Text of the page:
A New School Year of Plenty, But Plenty of What?

Aug 29, 2017 by

The start of the school year is a time for a curious blend of reflection and deflection. With new wind in their sails after a summer in Bridgehampton, principals reflect on their goals for the coming year and deflect blame to their staffs for the unconsummated hopes of the past one. The teachers abide this bracing pep-talk after a “vacation” in boiling classrooms, accruing  more useless mandated academic credits or toiling at seconds jobs.

The thrill of this conference is compounded by bagels and orange juice. It’s just another vicious cycle played out in good fun.But of course there’s serious planning to do, because everyone sincerely wants their kids to do well. Teachers, who have the most direct and dynamic relationship to students, are the key.  Except for classroom educators, everyone else is window-dressing. They count for more than any texts, curriculum, or exams.

How teachers are treated by the Department of Education and by their own school leadership has a decisive bearing on whether their students will learn, be happy and thrive. Naturally no teacher will consciously slacken off or leave students in the lurch because of displeasure for the boss.  But realistically, teachers, like other employees, are more likely to perform at optimal capacity when they are regarded with trust and treated fairly.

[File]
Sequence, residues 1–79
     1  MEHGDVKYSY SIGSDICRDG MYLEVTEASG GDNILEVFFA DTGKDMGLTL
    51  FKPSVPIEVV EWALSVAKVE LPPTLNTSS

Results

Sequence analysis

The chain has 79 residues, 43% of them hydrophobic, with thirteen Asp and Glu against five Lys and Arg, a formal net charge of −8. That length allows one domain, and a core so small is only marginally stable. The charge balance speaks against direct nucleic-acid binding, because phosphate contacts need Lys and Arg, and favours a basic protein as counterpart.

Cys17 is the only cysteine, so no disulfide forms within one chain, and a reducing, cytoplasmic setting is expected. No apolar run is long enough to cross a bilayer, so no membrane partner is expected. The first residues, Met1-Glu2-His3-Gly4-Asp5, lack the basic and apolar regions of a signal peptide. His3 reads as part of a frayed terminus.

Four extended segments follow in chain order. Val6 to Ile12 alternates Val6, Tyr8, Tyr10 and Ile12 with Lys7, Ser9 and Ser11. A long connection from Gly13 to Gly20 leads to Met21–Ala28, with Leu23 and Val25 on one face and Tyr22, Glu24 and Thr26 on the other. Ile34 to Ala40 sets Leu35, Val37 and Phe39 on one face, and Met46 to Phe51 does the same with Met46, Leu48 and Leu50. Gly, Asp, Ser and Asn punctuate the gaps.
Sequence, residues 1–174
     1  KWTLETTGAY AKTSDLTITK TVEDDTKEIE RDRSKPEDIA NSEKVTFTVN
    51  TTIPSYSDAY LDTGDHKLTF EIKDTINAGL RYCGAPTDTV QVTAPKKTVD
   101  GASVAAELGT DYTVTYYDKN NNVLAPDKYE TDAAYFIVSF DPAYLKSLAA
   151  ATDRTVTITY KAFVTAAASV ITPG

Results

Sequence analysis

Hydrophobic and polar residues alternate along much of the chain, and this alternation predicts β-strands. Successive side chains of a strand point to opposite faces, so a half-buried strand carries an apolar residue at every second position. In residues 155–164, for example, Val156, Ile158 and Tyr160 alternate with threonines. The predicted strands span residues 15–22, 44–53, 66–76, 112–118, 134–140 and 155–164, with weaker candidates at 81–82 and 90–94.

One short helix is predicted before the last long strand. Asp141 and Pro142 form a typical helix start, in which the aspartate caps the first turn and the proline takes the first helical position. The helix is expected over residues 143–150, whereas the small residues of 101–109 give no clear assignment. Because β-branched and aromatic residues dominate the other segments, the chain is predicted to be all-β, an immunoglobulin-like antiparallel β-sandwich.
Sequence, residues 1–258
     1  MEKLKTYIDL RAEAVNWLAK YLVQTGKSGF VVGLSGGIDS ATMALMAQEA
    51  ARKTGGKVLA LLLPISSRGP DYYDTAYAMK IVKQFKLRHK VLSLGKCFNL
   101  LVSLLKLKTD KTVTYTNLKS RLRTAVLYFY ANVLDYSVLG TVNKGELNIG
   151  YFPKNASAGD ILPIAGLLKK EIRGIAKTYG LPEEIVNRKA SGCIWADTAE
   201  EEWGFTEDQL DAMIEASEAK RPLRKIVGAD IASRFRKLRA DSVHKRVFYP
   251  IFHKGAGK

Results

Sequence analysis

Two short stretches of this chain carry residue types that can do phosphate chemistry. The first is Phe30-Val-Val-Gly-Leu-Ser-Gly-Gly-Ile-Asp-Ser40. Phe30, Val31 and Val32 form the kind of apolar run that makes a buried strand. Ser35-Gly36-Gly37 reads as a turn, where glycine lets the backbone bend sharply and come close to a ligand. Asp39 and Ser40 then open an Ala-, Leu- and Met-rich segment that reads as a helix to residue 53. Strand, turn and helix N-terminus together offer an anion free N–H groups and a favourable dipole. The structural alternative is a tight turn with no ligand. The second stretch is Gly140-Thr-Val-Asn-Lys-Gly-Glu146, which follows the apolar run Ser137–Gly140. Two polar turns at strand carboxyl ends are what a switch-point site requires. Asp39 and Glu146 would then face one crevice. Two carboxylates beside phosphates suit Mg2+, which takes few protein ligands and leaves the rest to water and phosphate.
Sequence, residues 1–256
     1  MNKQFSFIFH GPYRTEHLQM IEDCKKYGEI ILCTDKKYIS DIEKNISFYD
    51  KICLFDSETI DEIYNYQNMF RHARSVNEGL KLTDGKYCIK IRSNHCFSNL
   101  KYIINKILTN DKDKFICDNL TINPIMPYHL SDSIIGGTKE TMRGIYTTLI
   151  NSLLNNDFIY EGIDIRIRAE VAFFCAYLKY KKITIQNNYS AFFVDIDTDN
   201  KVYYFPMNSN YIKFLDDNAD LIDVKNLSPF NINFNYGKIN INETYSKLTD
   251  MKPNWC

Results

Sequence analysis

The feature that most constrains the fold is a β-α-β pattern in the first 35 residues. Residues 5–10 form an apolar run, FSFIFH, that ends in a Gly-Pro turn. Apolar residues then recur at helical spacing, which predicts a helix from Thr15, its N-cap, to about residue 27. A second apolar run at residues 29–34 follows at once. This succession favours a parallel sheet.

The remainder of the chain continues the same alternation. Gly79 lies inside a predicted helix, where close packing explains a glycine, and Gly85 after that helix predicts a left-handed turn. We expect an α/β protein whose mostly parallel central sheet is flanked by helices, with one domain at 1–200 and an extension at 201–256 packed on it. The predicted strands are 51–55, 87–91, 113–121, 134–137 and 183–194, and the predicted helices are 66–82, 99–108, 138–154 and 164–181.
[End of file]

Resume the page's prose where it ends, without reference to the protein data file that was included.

In the case of teachers, most of whom achieve two college degrees and almost the equivalent of a third, this means reasonable discretion over their professional affairs, such as syllabus, materials, grading and student disciplinary policies, methodology and instructional styles, and the configuration of furniture and decorative displays in their classrooms. (Incredibly, teachers have gotten adverse performance reviews because desks are in traditional rows or bulletin board displays are not framed in Robin Hood-green papier-mache.)

Teachers are entitled to such leeway because the depth and length of their training is comparable to what is required of practitioners of other professions who enjoy a decent degree of autonomy.

It is common for teachers to be very solicitous of being in the good graces of their principals, but far rarer for principals to willfully cultivate a favorable image in the judgement of their subordinates.

Some do, but many more do not. Were this to be a universal priority among principals, articulated and enforced by their superintendents and the top brass at Tweed, productivity would soar and loyalty secured. It would make life easier for all as ills would be more effectively confronted, challenges met and disadvantages reversed.

That’s a tall order.  But it’s an order!

Ron Isaac


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